In November of 2016, Montreal's splendid Musée des Beaux-Arts became the 12th largest museum in North America. A generous gift by locals Michal and Renata Hornstein added a handsome new building and 75 new masterworks to the collection, most notably medieval Dutch paintings. The museum is now more encyclopedic than ever, with western art of all eras represented, plus African art, ancient Egyptian statuary, Inuit sculptures, you name it, it's here. And since we should name names, know that Tintoretto, Breughel, Rembrandt, El Greco, Picasso, Rothko, Basquiat and other greats await those who visit.
Perhaps the most exciting aspect of starting fresh with a new building is that the curators have been freed from the usual square- rooms-with-white-walls conventions. At the heart of every floor of the new pavilllion (which showcases western art from the 12th century through today) is an oval room, where art and artifacts are mixed in cunning ways. On the top floor, for example, are 15th Dutch still-lifes interspersed with the types of objects wealthy low-landers of that period would have displayed in their private house museums (a common practice). That might mean a half-foot tall statue from ancient egypt, a narwhal tusk or a case of ancient Roman coins. The juxtapositions are delightful. And that's just the beginning of the creativity on display here: in a room of highly romantic, 19th century paintings the curators have projected a forest onto the walls between the paintings, and piped in bird calls. Next door, in a gallery showing paintings of North Africa, the walls have been cut out to resemble the facade of a mosque.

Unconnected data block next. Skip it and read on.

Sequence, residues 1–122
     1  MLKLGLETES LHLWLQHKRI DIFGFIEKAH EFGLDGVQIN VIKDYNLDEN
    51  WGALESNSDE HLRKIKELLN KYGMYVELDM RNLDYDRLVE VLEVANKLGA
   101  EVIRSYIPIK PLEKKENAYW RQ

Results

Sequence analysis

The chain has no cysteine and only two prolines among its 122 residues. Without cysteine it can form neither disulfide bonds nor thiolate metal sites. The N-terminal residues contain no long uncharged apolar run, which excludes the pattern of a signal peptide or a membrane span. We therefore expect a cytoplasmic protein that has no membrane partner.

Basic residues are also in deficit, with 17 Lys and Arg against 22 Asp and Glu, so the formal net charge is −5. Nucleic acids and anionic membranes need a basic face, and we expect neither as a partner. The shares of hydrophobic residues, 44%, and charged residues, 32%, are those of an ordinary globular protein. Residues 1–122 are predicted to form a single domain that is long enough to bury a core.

So that's what's new at the museum, but what's "old" can be just as engrossing. All in all, the institution's campus encompasses five buildings, including an 1891 former church, with 20 exuberant stained glass windows by Tiffany. It is used for concerts and lectures. Another building houses the museum's decorative arts collection, the second largest in North America, which showcases everything from Lalique vases to Chihully chandeliers to rainbow-colored Ikea pitchers—and everything in between.
Be sure to make time for the museum’s pavilion of Québécois and Canadian Art. The collection of more than 2,000 pieces includes 500 Inuit works and 180 Amerindian artifacts displayed on six levels. Particularly engaging is the “Age of the Manifesto” gallery, featuring modernist works from the 1940s through 1960s by important Québécois including Alfred Pellan, Paul-Émile Borduas, and Jean-Paul Riopelle.
A street-level museum store, M Boutique and Bookstore, has an impressive selection of exhibition and signature products, and posters from the artwork of Québécois painter Marc-Aurèle Fortin. The Café des Beaux-Arts Restaurant is an elegant dining option, helmed by local star chef Laurent Godbout.